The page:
What is it about?

This article explicates the previous misrepresentations of the discipline of cultural psychology, and explains what cultural psychology really is (and how it differs from cross-cultural psychology).

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Why is it important?

The discipline of cultural psychology often gets confused with the discipline of cross-cultural psychology. However, these disciplines have distinct, fundamentally differing principal goals. Therefore, this explanation was needed.


When Hall, Yip, and Zárate (2016) suggested that cultural psychology focused on reporting differences between groups, they described comparative research conducted in other fields, including cross-cultural psychology. Cultural Psychology is a different discipline with methodological approaches reflecting its dissimilar goal, which is to highlight the cultural grounding of human psychological characteristics, and ultimately make culture central to psychology in general. When multicultural psychology considers, according to Hall et al., the mechanisms of culture’s influence on behavior, it treats culture the same way as cross-cultural psychology does. In contrast, cultural psychology goes beyond treating culture as an external variable when it proposes that culture and psyche are mutually constitutive. True psychology of the human experience must encompass world populations through research of the ways in which a) historically grounded socio-cultural contexts enable the distinct meaning systems that people construct, and b) these systems simultaneously guide the human formation of the environments.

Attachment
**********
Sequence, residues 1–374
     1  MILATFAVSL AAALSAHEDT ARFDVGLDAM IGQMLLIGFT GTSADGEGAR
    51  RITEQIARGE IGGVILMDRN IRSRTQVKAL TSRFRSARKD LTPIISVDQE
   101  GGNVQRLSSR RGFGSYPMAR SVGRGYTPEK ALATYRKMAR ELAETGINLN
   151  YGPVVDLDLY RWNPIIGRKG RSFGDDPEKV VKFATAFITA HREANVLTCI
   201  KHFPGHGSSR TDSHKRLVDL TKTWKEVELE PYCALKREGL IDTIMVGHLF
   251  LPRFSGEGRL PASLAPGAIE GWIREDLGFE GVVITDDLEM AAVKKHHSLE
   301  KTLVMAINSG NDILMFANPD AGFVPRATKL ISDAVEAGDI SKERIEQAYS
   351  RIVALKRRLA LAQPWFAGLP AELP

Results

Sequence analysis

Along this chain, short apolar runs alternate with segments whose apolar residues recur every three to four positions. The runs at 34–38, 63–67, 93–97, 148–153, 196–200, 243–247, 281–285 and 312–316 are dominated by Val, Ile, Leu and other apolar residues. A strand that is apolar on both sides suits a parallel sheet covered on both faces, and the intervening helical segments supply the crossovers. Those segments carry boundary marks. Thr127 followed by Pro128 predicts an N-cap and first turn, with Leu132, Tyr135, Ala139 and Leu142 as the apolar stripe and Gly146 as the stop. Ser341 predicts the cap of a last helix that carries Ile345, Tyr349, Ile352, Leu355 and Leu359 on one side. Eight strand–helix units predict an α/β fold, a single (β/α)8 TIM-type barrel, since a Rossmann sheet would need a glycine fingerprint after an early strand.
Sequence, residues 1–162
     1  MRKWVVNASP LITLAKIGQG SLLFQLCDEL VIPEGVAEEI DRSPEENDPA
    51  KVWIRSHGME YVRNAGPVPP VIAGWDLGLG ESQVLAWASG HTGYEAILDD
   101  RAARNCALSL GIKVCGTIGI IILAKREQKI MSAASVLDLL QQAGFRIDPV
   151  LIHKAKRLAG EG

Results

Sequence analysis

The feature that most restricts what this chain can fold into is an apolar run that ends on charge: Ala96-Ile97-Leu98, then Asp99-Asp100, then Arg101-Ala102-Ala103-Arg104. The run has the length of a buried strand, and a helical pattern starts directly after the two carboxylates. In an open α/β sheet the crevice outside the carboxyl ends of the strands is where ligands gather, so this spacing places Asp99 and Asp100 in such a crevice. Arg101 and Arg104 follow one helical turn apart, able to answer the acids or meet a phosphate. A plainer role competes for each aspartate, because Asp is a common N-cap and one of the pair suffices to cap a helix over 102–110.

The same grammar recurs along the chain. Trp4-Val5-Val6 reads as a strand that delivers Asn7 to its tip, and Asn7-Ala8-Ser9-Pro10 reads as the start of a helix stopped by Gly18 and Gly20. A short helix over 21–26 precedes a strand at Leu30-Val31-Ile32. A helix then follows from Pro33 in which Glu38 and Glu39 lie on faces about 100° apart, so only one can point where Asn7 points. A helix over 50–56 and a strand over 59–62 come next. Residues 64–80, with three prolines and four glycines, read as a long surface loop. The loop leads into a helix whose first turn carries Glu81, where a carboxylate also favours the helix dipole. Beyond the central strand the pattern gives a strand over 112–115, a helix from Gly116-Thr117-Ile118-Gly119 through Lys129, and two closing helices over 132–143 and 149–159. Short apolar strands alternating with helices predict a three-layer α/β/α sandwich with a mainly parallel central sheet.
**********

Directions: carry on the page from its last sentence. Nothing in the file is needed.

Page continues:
Antonie Dvorakova
Palacky university, Olomouc

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This page is a summary of: The cultural psychology endeavor to make culture central to psychology: Comment on Hall et al. (2016)., American Psychologist, January 2016, American Psychological Association (APA),
DOI: 10.1037/amp0000053.
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